The administrators of the account believe that whilst initiatives such as increased lighting in dark spaces might make women feel safer, the biggest change in attitudes towards women’s safety will come through education. 

They told The Student

“I think what has been even more distressing is the stories which have detailed the passive bystanders in these incidents. 

“Those who say nothing and are therefore condoning and enabling a perpetrator to get away with their actions. This is where the most change can be made – through education.

“All too often men get defensive when discussing such a topic, and assume that if they are not the direct perpetrators then they are somehow exempt from helping create a solution. 

“This is simply not the case and the sooner this is recognised, the better chance there is at changing the culture.”

From the 2015/2016 academic year up until the 2019/2020 academic year, the University of Edinburgh received 53 complaints from students about sexual misconduct, with 45 related to the conduct of other students and eight related to the conduct of staff members. 

Of those 53 complaints, three members of staff and three students were expelled as a result of an investigation by the university.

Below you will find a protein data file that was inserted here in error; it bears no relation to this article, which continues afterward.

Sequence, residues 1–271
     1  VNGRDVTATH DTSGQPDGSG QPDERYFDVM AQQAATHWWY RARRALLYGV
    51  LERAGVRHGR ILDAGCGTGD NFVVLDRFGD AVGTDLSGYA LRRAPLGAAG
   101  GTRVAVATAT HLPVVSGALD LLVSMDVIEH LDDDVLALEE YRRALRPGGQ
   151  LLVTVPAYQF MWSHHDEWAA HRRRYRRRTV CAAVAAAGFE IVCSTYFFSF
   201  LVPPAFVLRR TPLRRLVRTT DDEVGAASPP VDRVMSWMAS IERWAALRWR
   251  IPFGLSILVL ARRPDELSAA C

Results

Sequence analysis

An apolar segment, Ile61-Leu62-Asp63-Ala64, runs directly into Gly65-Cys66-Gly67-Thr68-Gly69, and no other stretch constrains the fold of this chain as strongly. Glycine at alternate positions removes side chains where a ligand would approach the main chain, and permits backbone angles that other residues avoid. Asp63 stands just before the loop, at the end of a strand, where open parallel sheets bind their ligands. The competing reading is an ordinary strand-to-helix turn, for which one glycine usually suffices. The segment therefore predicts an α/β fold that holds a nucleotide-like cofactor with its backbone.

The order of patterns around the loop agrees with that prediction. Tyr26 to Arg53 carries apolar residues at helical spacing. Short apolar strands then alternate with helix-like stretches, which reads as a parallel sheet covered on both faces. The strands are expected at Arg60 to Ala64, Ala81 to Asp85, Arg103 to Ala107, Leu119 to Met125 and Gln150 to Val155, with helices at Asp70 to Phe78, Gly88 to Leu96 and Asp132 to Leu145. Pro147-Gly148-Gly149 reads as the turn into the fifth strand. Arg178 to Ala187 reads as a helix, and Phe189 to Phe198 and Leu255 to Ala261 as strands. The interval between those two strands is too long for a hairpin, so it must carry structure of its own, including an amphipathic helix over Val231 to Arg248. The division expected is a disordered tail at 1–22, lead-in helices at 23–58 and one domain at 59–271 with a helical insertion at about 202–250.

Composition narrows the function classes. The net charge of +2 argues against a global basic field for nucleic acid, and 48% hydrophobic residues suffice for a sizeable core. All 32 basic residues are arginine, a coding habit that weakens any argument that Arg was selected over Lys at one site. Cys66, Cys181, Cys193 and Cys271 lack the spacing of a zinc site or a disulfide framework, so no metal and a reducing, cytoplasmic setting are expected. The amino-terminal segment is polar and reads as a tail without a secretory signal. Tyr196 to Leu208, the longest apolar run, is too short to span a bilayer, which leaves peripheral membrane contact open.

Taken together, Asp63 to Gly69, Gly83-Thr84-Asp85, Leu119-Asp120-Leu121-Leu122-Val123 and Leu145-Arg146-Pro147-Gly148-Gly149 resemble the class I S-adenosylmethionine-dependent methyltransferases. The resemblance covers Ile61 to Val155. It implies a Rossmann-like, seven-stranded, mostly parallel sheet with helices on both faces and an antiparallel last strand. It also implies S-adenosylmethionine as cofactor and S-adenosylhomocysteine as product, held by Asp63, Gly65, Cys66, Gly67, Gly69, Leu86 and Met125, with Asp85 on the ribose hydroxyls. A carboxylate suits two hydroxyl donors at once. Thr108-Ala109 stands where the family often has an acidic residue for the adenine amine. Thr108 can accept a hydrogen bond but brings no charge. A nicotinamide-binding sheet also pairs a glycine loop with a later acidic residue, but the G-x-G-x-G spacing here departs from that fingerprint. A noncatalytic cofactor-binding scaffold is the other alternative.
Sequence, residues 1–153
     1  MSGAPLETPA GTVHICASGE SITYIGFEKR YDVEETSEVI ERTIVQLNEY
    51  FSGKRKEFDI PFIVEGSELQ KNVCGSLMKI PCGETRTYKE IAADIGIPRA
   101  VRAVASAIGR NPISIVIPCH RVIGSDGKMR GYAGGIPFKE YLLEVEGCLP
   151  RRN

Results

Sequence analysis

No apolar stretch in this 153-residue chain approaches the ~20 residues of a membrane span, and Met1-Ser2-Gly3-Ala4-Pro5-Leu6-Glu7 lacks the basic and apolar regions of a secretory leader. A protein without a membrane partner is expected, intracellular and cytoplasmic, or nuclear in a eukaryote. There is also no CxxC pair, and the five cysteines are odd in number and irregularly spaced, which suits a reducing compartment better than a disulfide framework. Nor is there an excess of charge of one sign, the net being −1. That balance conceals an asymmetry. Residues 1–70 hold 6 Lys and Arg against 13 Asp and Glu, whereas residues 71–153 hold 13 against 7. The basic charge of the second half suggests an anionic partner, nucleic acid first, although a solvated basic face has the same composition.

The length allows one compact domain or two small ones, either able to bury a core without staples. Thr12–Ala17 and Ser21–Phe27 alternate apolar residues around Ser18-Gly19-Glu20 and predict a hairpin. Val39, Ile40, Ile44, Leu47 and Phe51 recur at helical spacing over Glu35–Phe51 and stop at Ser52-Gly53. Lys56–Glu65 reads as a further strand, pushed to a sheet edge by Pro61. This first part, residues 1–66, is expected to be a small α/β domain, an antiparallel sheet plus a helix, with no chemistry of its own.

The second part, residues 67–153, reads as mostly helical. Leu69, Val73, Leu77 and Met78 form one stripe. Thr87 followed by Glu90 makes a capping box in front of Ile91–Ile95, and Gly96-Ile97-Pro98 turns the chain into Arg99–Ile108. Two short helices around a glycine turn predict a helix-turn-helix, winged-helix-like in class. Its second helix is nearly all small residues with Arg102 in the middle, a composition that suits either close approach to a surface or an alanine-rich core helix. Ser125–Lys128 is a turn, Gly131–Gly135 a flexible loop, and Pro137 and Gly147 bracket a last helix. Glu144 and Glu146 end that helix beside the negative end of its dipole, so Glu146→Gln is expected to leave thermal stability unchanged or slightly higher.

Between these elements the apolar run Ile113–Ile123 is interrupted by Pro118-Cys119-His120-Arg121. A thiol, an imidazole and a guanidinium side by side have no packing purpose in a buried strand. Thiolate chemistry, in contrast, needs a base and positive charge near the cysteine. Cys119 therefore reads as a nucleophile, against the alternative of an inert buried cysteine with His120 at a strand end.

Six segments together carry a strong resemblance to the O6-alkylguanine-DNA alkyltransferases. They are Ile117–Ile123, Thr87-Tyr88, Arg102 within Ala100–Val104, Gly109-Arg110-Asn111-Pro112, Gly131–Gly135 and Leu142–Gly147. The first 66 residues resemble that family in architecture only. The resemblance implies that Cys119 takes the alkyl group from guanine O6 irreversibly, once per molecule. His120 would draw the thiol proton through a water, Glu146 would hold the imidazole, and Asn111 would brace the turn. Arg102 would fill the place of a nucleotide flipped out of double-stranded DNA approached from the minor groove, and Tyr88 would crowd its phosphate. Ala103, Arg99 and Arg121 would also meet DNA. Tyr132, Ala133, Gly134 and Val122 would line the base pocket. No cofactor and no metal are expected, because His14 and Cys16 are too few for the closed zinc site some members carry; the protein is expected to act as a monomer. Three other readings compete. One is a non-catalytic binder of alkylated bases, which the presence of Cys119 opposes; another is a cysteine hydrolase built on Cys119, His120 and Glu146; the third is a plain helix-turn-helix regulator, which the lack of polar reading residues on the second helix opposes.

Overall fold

That means that 11 percent of complaints result in an expulsion at the university. 

Speaking to The Student, a woman University of Edinburgh student said she “would not expect anything to come of reporting such incidents [of sexual violence]” to the university because she doesn’t “have a lot of faith that the university would take concerns seriously or make changes to protect people coming forward.” 

Another added that it is a “traumatic process”. 

Recognising that there is much still to be done to empower women students to come forward and report incidents of sexual violence, the university has recently appointed a new Sexual Violence and Harrasment Liason Manager and will soon implement a new ‘Report and Support’ system. 

The Edinburgh Anonymous account has also had “several extremely helpful” meetings with the University of Edinburgh’s welfare team and feels that the university is listening to the feedback they have received from University of Edinburgh students. 

Of the women surveyed by The Student , only 49.4 percent said they would feel comfortable reporting incidences of sexual assault and harrasment to the local police. 

Many women indicated that they didn’t think they would be taken seriously and that the process of reporting sexual assault and harrasment was “built against” women. 

“I’ve reported stuff before and it has gone nowhere, and the process was so long.” 

“I am a rape survivor and have watched friends go through what is an archaic and demeaning reporting process in order to try to gain justice.”, another woman told The Student

The Student has also found that trans and non-binary women and members of the LGBTQ+ community in Edinburgh are less likely to report incidents of sexual assault and harrasment to the local police. 

“The police has been absolutely terrible at handling sexual harassment and assaults towards trans or non binary individuals”, said one woman. 

Another added, “I have had friends be treated poorly by the local police for being LGBT+, which I am also”. 

Image: Flickr